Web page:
Wednesday, 6 April 2011

REVIEW: Burke & Hare

Why does John Landis do this to himself? He hasn't done a film since 1998's Susan's Plan and ... Blues Brothers 2000 - so where did it all go wrong? And why does it keep going wrong?

You would think with such a line-up as Tom Wilkinson, Simon Pegg, Andy Serkis, Isla Fischer, Tim Curry, Bill Bailey, Christopher Lee, Ronnie Corbett and more that it would have to go fairly wrong to be awful and it's the cast that really keep this atrocity afloat.

The story goes that Pegg and Serkis as Burke and Hare go around snatching bodies to sell them for science. But to raise income they start killing people to get their numbers up and Wilkinson's Dr. Knox is happy to receive them. At the same time, Pegg is falling for Fischer as she commits to her dream of putting on Macbeth at a local theatre. Soon enough the authorities, played wonderfully by Corbett, catch up to them.

The story is simple and the script very, very unfunny. That's not really much of a surprise since it comes from the guys who wrote St. Trinians and to be honest, it isn't much different in tone. The macabre arc completely jars with everything, they try so hard for the characters to be likeable yet slightly evil and selfish. It's a horrible mixture and a strange final redemption is too little too late and really brings you out of the film. There's also not much screen time or banter between Burke and Hare, especially as soon as Fischer gets involved and Burke's wife is played by Jessica Hynes who you can't help but feel sorry for as she keeps getting Pegg's handouts.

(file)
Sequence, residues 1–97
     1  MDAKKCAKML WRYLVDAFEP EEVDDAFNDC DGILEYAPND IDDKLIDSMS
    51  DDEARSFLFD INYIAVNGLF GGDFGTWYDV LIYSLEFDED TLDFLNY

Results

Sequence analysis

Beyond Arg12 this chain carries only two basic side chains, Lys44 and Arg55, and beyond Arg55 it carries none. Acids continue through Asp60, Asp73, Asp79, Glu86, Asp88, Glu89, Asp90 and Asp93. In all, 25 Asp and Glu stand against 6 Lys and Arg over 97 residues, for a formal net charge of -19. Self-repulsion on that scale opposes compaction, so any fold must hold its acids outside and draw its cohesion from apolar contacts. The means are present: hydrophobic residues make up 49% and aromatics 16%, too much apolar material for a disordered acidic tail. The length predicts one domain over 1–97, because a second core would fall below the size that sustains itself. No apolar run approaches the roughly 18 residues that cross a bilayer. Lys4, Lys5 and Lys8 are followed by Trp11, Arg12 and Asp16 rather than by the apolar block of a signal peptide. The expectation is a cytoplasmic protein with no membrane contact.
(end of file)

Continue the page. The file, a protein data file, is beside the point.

Pegg is the more innocent, starry eyed dreamer of the two which makes him the least interesting character of the whole piece. Serkis hardly gets a look in and it's a shame as he seems much more up for killing and is a lot more complex in a way that anything could be complex in this film. The whole thing about the play, which takes up a lot of screen-time, is that it keeps shifting the focus away and no matter how many cameos you throw in  (including the old guys from Trading Places), it's just getting in more buckets to stop a sinking ship of a movie. However, Wilkinson and Curry amongst others did lift the piece from the gutter on more than one occasion but I couldn't help but think my eyes were being dug out in a vain attempt to get access to my brain and make me become dumber until I started thinking that Paul Whitehouse falling down some stairs is really, really funny.

This was supposed to be Landis' big comeback but it felt like an annoying, humourless, stupid attempt to do something quite dark (they are serial killers after all) and put a fluffy edge to it. I found it to be a complete waste of time and because of the people involved and the money thrown at it - it makes me think that this should have been so much more. I wasn't that bored throughout the piece so I guess that's something, but this is lazy writing and acting and feels like someone has filmed a themed murder mystery and made a 90 minute feature about it.

Rating: 3/10

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